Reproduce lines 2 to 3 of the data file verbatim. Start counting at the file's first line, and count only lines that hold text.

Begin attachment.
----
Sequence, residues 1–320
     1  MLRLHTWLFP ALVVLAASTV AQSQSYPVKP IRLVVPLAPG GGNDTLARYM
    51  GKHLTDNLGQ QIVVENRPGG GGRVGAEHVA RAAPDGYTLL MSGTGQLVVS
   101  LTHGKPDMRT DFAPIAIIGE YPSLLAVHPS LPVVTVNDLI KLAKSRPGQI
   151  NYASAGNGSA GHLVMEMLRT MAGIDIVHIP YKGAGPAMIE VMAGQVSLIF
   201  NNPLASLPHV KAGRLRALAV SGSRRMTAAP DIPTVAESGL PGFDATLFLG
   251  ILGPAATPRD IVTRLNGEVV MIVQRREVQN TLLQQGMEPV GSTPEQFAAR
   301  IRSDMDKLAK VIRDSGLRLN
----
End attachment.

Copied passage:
     1  MLRLHTWLFP ALVVLAASTV AQSQSYPVKP IRLVVPLAPG GGNDTLARYM
    51  GKHLTDNLGQ QIVVENRPGG GGRVGAEHVA RAAPDGYTLL MSGTGQLVVS